I think you are right about covering the streams first and maybe putting in some cameras on the few local restaurant dumpsters around since he wasn't in the backcountry. Makes me wonder if the FBI couldn't catch him because they mistakenly bought the hype that he was some mountain man living way back in the woods instead of looking behind the local trash bins.
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Old 09-24-2010, 06:10 AM
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While I've had some strange things happen to me while in the mountains of NC, TN and GA - the following is probably one of the strangest - or at least the one incident that made me the most uncomfortable...


I was fishing Fires Creek with another angler from NGTO. I'm not sure if this was during the time that Rudolph was still at large or if it was after the fact, but remembering how it went down, it almost had to be before they found him.

We were fishing Fires Creek and having a decent day, hiking up the stream at a point where the road was very high above. We noticed a pretty large waterfall coming in from the non-road side and made our way to it. I wanted to climb it and check for brookies, but my partner was having a good day fishing Fires and didn't want to make the fairly dangerous looking climb. I agreed that we should probably just stick with the creek we were in and we turned to head back down, this time cutting through the woods in order to come out a little upstream of the junction between the two. As we got away from the spray of the waterfall we walked right into a "camp" of sorts. A small tee-pee shelter covered with pine and other tree limbs, and a single-person sized fire ring with some charred wood still in it - probably a few days to a couple weeks old. We looked at each other, and then both looked around in a 360 circle. Then, we both said quietly that it was probably time to just keep moving.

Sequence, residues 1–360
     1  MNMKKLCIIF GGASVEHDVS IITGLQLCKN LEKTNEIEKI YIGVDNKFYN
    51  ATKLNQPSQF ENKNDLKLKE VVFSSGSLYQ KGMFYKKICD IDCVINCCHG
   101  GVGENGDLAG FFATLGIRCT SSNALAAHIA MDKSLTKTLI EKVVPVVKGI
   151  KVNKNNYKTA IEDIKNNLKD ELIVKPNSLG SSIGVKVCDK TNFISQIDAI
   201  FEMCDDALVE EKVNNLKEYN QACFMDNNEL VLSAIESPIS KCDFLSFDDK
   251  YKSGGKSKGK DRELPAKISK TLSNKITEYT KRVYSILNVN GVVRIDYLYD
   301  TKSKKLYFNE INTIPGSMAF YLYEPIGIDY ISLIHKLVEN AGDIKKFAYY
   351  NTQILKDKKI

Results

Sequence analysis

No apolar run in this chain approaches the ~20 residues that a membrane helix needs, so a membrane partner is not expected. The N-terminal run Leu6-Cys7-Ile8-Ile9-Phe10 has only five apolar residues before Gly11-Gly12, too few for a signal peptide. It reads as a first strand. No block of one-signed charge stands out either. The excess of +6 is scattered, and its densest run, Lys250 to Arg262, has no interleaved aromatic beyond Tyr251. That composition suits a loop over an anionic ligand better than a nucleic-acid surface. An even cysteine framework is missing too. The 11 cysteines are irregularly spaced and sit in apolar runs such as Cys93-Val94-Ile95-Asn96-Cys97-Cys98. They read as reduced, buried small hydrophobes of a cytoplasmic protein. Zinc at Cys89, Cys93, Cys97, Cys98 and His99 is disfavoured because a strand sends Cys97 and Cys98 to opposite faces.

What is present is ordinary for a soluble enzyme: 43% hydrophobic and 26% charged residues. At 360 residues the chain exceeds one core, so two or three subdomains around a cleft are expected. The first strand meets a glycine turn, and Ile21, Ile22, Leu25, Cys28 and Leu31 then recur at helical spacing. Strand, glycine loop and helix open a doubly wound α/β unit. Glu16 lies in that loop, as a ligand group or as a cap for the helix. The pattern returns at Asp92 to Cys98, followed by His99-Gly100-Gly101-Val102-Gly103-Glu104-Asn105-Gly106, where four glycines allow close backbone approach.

The "campsite" was backed up to a steep wall in the landscape where a vertical falls was present. There was only one way to easily approach it and that was from the stream side. You could not access the campsite directly from the road. You would have to get in the creek and walk upstream at least a 1/2 mile, or get in above the junction and walk downstream almost as far, as best I can remember. The road could be seen(and heard) from the creek, but it was 40 or 50 feet above it, straight up. To both of us it seemed the perfect place to protect your rear and have escape routes upstream, downstream and behind you if you were able-bodied enough to scurry up the steep wooded hill that ran off from the waterfall.

That experience, whether Rudolph had been there or it was just someone enjoying "roughing it" was the first of three strange or uncomfortable things that would happen to me over the last 10 years or so. The other two were being turned down for a ride on the Blue Ridge Parkway by a serial killer( possibly), and spending the night unprepared in the woods after getting lost.

I'm not even sure if Rudolph made it all the way across the mountains to the Fires Creek area, but it's easy enough to hitchhike a ride there by car. Still gives me the chill-bumps either way.
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Old 09-24-2010, 08:27 PM
mcfly mcfly is offline
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Quote:
Originally Posted by Owl View Post
While I've had some strange things happen to me while in the mountains of NC, TN and GA - the following is probably one of the strangest - or at least the one incident that made me the most uncomfortable...


I was fishing Fires Creek with another angler from NGTO. I'm not sure if this was during the time that Rudolph was still at large or if it was after the fact, but remembering how it went down, it almost had to be before they found him.